During an interview at the Aspen Security Forum on Thursday, Homeland Security Secretary Kirstjen Nielsen echoed President Trump’s widely-criticized defense of white supremacists who gathered for the violent “Unite the Right” rally last August in Charlottesville, Virginia.
Asked about Charlottesville, Nielsen said, “I think what’s important about that conversation is, it’s not that one side is right, one side is wrong. Anybody that is advocating violence, we need to work to mitigate.”
The interview was conducted by NBC’s Peter Alexander. During a subsequent segment on MSNBC, Alexander said, “there wasn’t a condemnation of white nationalism and white supremacy that I think a lot of people would want to hear from the secretary of Homeland Security on this issue.”
“You heard her in their own words,” Alexander added. “They were striking to me and I think striking to a lot of people in the room.”
Nielsen’s refusal to unequivocally denounce white supremacists resembles what Trump said in the days following last August’s rally, when he suggested both sides were to blame for violence that resulted in the death of a 32-year-old woman named Heather Heyer who was run over by a neo-Nazi.
“You look at both sides — I think there’s blame on both sides,” Trump said. “They didn’t put themselves down as neo-Nazis, and you have some very bad people in that group. But you also had people that were very fine people on both sides.”
Nielsen’s comments on Thursday aren’t the first time she’s obfuscated on behalf of the president’s racism. During a Senate hearing in January, Nielsen defended Trump’s characterization of African nations as “shithole countries” and desire to accept more immigrants from countries like Norway by pretending to be ignorant of the fact that 95 percent of Norwegians are white.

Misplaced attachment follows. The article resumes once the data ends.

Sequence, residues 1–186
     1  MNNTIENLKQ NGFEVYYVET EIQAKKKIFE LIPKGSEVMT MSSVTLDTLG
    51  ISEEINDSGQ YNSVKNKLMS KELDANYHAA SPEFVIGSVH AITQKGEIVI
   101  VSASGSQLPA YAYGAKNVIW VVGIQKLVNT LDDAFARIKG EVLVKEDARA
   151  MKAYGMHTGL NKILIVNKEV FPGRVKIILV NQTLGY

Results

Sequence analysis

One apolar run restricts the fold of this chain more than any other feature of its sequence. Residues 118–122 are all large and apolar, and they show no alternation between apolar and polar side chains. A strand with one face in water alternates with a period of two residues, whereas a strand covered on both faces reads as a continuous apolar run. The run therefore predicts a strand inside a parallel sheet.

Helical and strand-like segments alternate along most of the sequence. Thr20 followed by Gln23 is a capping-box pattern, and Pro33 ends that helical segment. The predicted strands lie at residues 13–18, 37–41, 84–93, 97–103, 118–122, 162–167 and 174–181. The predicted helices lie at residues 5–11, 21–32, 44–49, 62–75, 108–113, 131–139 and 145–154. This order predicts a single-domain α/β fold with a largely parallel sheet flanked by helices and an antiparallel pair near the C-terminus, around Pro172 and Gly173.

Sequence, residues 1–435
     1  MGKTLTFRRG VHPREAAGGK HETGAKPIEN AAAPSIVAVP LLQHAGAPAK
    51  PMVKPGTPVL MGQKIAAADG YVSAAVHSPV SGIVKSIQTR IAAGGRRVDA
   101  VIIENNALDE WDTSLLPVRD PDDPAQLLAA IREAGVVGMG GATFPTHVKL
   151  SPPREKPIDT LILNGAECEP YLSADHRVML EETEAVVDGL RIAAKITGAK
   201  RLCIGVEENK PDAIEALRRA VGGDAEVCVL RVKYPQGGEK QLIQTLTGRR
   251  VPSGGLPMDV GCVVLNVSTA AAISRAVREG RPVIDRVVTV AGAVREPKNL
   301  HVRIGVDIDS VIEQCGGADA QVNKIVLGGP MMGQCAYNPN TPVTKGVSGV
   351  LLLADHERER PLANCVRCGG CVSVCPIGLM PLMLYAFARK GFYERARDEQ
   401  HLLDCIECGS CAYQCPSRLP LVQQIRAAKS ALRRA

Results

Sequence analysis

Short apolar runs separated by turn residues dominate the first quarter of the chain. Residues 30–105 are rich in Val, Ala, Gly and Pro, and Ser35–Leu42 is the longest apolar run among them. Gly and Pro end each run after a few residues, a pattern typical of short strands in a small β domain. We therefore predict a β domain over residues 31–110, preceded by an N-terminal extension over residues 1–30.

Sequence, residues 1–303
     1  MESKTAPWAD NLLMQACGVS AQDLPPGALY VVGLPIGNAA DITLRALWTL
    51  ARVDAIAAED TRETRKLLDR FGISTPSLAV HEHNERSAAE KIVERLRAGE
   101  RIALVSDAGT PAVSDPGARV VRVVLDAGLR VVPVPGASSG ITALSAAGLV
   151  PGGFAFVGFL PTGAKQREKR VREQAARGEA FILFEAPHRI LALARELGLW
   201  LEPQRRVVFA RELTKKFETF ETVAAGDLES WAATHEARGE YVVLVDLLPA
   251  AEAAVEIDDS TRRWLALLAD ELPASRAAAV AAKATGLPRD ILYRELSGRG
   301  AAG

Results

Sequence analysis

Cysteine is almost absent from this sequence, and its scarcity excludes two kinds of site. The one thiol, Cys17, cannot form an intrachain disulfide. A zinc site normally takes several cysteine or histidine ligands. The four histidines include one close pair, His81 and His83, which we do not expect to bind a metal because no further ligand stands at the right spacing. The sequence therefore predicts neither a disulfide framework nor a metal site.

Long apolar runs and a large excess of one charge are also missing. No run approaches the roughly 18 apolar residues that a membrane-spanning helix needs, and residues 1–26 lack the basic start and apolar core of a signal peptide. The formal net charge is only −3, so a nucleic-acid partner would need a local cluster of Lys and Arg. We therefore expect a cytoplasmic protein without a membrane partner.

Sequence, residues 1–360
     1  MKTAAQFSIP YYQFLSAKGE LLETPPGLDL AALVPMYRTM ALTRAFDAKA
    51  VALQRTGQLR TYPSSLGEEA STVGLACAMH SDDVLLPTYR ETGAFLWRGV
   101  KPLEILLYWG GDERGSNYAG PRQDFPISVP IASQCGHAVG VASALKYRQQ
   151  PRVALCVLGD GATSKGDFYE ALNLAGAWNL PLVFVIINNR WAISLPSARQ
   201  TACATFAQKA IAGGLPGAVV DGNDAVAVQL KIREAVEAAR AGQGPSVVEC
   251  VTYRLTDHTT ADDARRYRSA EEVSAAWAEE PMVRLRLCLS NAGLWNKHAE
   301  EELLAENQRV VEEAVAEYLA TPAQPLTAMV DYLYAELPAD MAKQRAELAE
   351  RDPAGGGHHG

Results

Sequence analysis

“Being from Norway is not a skill, and with the standard of living in Norway better than ours, you’re not going to have too many people from there,” Sen. Patrick Leahy said (D-VT) said to Nielsen. “What does he mean when he says he wants more people from Norway?… Norway is a predominately white country, isn’t it?”
“I’m — I — eh, I actually do not know that, sir, but I imagine that’s the case,” she replied.
As DHS secretary, Nielsen has played a key role in implementing Trump’s child separation policy, which resulted in more than 3,000 immigrant children being separated from their parents. As of earlier this week, more than 2,500 minors still had not been reunited with their families.
Nielsen has defended the policy on the grounds that separated children have access to TVs.
“We have high standards. We give them meals. We give them education. We give them medical care,” Nielsen said during a news conference last month. “There [are] videos. There [are] TVs. I’ve been visited the detention centers myself.”